Thursday, 13 September 2012

A Chinese Life, by Li Kunwu and Philippe Ôtié (2009-2011; 2012)

The Chinese people have lived, during the past few decades, many extraordinary upheavals which cannot be easily fathomed by any Western person: the arrival of the Communist Party at the head of the State (1949), the Great Leap Forward (1958-1961), aiming at improving significantly Chinese agriculture but responsible for the starvation to death of tens of millions of people; the Cultural Revolution (1966-1976), in which the then Chairman of the Communist Party, Mao Zedong, created a revolution against his own ruling comrades, an unbelievable turmoil during which everything was constantly changing, political power was passing from one faction to another at an incredible speed; the cult of personality surrounding Mao Zedong and his death (1976); the shift from a Marxist economy to an ultraliberal one; the metamorphosis from an underdeveloped third World country to an economic giant and a political superpower; the rise and fall of the hope for a political change in the Tiananmen Square...

Chinese people have lived through all this. And I must admit that I have always been unable to figure out what these people think of their own history, how they feel about their country, about their leaders, about the evolution of their society.

Here lies the great quality of A Chinese Life. Li Kunwu is a Chinese artist whose father took part in every phase of the Chinese Communist Party since the Second World War. Based on Li Kunwu's memories, Philippe Ôtié, a French writer, drafted a storyboard that was drawn by Li Kunwu himself. This close collaboration was successful and the resulting graphic novel is very pleasant to read: The story is clear and easy to follow, even for someone not specialized in Chinese history (whereas the historical events told are very complicated...). Li Kinwu's art, with a strong influence from his Eastern formation, is original and nice.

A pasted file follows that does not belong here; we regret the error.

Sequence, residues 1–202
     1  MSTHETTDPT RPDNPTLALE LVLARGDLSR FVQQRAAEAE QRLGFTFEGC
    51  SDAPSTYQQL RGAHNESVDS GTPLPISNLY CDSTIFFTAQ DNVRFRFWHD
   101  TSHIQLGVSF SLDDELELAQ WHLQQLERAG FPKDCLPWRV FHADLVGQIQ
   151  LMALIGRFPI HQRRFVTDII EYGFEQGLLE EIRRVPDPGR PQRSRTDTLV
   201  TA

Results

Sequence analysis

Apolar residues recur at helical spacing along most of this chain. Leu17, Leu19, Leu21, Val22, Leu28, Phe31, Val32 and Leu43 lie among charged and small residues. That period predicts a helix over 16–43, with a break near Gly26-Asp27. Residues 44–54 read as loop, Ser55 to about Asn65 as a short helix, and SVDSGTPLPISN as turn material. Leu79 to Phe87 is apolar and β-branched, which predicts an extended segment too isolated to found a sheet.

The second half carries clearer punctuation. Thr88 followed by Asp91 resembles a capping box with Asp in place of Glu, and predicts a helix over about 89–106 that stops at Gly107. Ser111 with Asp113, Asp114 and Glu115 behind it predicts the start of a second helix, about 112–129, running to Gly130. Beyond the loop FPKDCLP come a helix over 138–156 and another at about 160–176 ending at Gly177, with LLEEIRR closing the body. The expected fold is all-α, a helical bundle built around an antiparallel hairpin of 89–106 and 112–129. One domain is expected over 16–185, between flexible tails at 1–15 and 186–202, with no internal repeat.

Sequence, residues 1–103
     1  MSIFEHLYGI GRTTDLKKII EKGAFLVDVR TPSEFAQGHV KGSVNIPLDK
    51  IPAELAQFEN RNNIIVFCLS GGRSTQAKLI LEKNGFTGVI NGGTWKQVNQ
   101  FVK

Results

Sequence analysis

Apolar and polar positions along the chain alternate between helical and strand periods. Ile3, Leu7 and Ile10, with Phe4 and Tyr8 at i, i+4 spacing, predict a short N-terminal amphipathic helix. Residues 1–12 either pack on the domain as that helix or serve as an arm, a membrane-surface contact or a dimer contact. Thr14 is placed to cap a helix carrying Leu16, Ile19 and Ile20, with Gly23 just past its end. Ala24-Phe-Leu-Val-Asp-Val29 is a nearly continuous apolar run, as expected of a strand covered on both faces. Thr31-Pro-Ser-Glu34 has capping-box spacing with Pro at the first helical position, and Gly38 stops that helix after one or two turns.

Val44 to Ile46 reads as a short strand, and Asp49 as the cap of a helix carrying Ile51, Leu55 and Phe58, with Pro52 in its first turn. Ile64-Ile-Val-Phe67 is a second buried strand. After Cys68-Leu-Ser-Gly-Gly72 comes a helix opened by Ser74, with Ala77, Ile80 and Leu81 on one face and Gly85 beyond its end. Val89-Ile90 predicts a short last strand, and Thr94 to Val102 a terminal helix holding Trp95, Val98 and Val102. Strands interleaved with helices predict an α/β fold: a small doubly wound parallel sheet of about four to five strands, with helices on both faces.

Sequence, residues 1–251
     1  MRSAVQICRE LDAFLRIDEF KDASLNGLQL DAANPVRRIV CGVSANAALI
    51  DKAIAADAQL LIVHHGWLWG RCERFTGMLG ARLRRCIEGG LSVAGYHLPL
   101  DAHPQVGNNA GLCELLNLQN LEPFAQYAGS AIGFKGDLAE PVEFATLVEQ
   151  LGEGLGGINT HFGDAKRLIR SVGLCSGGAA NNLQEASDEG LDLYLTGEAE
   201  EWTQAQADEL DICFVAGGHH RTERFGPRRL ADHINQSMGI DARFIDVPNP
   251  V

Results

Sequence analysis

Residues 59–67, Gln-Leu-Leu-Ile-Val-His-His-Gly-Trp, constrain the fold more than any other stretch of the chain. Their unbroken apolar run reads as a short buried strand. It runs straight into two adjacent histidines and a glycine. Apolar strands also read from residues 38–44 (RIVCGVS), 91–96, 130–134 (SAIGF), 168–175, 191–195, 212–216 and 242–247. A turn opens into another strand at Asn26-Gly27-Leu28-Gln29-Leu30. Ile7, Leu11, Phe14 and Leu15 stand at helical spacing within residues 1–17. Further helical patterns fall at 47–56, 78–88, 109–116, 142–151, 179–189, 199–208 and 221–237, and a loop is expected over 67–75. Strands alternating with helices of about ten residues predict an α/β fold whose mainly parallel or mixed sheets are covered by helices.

A Chinese Life may not be a great masterpiece but it gives a fascinating insight into how it can feel like to have led a Chinese life for the past few decades.

Friday, 7 September 2012

Adolf, by Osamu Tezuka (1983-1985; 2012)

At the beginning of his career, Osamu Tezuka was specialised in comics for kids, with well-known works such as King Leo, Metropolis or Astro Boy, all of them with a deep influence by Walt Disney. But, from the late 50s, a new kind of manga, the "gegika" (or "dramatic pictures"), more adult-oriented, began to have much success, lead by the great Yoshihiro Tatsumi (whose autobiographical A Drifting life was released in 2009 by Drawn and Quarterly). Tezuka could have been overwhelmed by this new kind of comics. But he reacted with all his talent and published stories for a more mature audience, with more complex plots, more violence, some sex, etc. All this with as much, if not more, commercial and artistic success than before.

Nonetheless, two things did not change in Tezuka's latter works: their very high quality and their underlying philosophy. Tezuka combines a deep faith in humanity, stressing out in all his works the importance of the necessary respect due to any living being, and the frightful conviction that men can be extrememy harmful for the people and the environment around them.

Among the (numerous) masterpieces of this second part of Tezuka's career, Message to Adolf may be, with Black Jack, one of the most easily accessible to Western readers. Firstly it is deeply rooted in historical events well known to Europeans or North-Americans: it takes place mostly during the 2nd World War, beginning in Germany during the Berlin Olympic Games and ending in Israël, some time after the creation of this State. There is a single hero, whom we follow during the whole story, Sōhei Tōge. The plot is relatively simple, compared with many characters, places and times of Phoenix; there is not as much Oriental metaphysics as in Buddha.

Message to Adolf was one of the first works by Osamu Tezuka to be published in English, in the mid 90s (in 5 volumes). It is published once again, in two volumes.

For those who have not read this masterpiece yet, this new publication (even though the new cover is rather badly chosen, in my humble opinion) could be (must be, should I say) a good opportunity to discover this book. Even if Adolf may be less idiosyncrasic for Tezuka than Phoenix, for instance, it includes all of the main qualities of Tezuka's works: great storytelling, very innovative layouts, strong humanism, very good insertion of fictional characters and events into important historical facts, etc.